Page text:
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Managing Flood Risks: Leveraging Finance for Business Resilience in Malaysia

2024-03-19, World Bank, Bank Negara Malaysia (BNM)

Building resilience to natural disasters is imperative for sustainable private sector development and growth in Malaysia. Floods have been Malaysia’s most frequent natural disaster, accounting for 85 percent of all natural disasters since 2000. This report looks holistically at the challenges of adaptation to climate change for businesses, exploring the complementarity among the public sector, the financial sector, and the private sector efforts in managing flood risks. It does so by using a range of complementary analyses that bring together the private sector perspective drawn from a firm-level survey, the financial sector perspective based on a survey of financial institutions (both banks and insurers and takaful operators), along with macro-modelling estimates of the aggregate impacts of future floods. The report concludes with a roadmap for policy action to strengthen private sector resilience and enhance the management of flood risks for businesses, zooming in on policies for the financial sector.

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Pacific Maritime Transport Systems: Hazard Exposure Technical Note

2023-12-04, World Bank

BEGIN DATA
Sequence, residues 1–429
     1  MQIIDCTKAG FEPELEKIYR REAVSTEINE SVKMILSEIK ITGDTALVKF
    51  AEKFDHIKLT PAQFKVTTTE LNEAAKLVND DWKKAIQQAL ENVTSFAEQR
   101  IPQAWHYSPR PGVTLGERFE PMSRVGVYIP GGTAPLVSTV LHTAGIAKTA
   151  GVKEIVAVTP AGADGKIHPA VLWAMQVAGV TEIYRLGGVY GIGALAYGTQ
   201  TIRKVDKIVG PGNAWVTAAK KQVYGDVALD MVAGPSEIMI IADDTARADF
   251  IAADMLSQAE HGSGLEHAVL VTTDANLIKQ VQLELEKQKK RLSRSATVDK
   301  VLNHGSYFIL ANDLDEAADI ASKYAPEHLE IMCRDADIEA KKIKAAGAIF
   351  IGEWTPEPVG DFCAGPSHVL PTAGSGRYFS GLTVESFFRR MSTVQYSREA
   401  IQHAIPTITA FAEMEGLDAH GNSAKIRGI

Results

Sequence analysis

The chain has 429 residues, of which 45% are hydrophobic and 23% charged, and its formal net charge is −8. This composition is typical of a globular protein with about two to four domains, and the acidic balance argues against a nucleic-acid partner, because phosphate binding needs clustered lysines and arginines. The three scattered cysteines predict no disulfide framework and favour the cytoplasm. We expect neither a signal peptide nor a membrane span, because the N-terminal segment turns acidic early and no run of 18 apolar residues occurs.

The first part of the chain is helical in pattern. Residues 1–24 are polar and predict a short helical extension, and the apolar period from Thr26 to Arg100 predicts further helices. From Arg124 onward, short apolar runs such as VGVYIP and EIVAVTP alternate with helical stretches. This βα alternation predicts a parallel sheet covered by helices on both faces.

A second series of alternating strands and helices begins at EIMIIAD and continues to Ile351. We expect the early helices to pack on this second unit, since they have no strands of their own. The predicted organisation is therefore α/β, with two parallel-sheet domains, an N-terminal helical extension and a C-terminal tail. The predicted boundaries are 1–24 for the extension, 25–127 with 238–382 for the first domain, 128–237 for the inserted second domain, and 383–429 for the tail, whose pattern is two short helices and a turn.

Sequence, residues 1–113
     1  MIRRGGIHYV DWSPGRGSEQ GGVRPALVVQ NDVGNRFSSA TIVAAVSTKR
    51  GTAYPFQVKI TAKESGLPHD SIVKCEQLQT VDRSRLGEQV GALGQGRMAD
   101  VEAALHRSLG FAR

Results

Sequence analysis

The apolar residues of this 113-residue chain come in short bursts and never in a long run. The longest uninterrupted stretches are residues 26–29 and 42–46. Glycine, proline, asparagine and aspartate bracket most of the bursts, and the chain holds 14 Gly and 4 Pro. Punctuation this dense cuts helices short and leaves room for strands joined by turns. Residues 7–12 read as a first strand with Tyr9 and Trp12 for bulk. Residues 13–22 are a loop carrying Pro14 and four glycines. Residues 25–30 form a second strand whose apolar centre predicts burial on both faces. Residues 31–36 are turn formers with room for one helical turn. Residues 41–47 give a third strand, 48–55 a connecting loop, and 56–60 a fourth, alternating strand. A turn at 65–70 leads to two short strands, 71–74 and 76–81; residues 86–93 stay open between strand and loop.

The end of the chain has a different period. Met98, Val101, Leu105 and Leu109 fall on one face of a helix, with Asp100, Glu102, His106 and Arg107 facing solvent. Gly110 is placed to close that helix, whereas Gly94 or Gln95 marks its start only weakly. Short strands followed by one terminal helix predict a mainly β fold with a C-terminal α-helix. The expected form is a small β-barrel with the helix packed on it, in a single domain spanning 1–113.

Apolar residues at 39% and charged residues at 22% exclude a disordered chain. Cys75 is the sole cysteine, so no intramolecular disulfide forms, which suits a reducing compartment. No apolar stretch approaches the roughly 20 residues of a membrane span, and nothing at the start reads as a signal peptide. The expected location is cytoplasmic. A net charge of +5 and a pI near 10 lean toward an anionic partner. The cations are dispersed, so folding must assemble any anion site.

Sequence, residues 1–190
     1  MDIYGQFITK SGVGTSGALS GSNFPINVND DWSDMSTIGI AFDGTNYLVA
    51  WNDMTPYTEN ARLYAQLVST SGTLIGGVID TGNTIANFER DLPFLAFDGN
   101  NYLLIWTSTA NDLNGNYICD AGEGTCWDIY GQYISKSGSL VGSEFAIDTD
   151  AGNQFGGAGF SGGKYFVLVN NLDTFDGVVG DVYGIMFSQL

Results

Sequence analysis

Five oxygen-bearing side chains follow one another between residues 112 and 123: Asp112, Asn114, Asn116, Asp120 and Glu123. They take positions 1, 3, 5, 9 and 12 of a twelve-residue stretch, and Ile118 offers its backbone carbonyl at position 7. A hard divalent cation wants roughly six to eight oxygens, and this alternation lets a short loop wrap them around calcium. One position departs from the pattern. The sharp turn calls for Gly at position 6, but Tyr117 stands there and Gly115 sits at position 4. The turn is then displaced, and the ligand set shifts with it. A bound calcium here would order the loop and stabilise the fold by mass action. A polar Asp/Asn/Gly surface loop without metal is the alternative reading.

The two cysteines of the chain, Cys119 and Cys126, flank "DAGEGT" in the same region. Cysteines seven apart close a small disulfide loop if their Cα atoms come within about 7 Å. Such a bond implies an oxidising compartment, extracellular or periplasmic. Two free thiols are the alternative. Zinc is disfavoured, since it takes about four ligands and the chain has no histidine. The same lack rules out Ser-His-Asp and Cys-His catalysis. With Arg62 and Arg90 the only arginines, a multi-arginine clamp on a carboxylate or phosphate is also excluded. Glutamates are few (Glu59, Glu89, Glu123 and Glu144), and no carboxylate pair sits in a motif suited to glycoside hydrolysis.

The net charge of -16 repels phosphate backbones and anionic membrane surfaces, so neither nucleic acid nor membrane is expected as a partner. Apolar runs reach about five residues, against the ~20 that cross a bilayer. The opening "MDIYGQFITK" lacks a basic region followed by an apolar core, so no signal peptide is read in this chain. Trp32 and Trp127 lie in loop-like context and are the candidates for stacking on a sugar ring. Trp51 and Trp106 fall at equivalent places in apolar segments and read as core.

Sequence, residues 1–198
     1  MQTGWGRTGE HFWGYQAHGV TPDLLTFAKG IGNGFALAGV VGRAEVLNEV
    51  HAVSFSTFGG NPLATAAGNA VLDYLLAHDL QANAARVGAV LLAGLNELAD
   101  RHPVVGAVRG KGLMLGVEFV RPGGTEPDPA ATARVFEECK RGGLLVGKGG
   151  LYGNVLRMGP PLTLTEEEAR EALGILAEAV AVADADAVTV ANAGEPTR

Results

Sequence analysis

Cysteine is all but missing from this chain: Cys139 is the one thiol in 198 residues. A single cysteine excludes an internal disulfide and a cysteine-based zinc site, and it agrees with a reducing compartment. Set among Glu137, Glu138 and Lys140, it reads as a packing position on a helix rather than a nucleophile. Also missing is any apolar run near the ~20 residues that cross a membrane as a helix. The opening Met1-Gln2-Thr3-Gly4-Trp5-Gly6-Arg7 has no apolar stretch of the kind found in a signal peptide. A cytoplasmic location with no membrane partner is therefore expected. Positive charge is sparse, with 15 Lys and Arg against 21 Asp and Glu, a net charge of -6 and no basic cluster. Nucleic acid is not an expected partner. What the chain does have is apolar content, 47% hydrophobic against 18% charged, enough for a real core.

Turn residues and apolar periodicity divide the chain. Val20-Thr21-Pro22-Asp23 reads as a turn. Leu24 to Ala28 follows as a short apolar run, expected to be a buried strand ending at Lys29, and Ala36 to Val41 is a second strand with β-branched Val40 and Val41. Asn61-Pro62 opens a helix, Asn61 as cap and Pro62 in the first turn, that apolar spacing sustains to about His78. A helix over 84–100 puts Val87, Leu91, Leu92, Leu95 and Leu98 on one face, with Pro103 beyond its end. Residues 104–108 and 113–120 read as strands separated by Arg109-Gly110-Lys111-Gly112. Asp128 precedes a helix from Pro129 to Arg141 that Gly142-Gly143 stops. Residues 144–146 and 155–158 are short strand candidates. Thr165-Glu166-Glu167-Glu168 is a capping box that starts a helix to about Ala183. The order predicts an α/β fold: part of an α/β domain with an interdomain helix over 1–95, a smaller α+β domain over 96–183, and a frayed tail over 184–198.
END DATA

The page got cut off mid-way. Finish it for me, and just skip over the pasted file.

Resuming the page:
This Technical Note supplements the overarching regional report 'A Blue Transformation for Pacific Maritime Transport (World Bank, 2022)'. It provides more detail on, and analysis of, natural hazards in the Pacific affecting port infrastructure and operations. While natural hazards are a major issue for all Pacific Island states and dependencies, this Technical Note looks particularly at the experiences of 12 World Bank member countries, referred to collectively as the PIC12 countries. These are the Melanesian countries of Papua New Guinea (PNG), Solomon Islands, Vanuatu, and Fiji; the Polynesian countries of Samoa, Tonga, and Tuvalu; and the Micronesian countries of the Republic of the Marshall Islands (RMI), the Federated States of Micronesia (FSM), Palau, Kiribati, and Nauru. This Note aims to assist technical specialists, client country teams, and donors, to identify needs and priorities for more detailed, site-specific risk studies. These risk studies will form the basis of port master planning, project design, asset management, and capital upgrade projects, as appropriate, to increase resilience in ports to the impacts of natural hazards. This Technical Note has six sections, as follows: overview: a summary of why Pacific ports is particularly exposed to natural hazards; mapping Pacific Islands’ Current Exposure to Hazards: descriptions of the seven natural hazards facing Pacific Island countries (PICs), and maps showing where in the Pacific their main impacts are felt; identifying where the greatest hazards lie, a hazard heat map for the pacific: quantitative and qualitative measures of the hazard intensities are summarized for primary and hub ports, with general observations and conclusions; current status of infrastructure upgrades in Pacific ports: a summary of work, both completed and planned, in each of the PIC12 primary ports, between 2007 and 2022; port master planning to future-proof Pacific ports: a brief outline of port master planning, strategic asset management and risk analysis, and principles of asset management for port infrastructure; and conclusions and recommendations.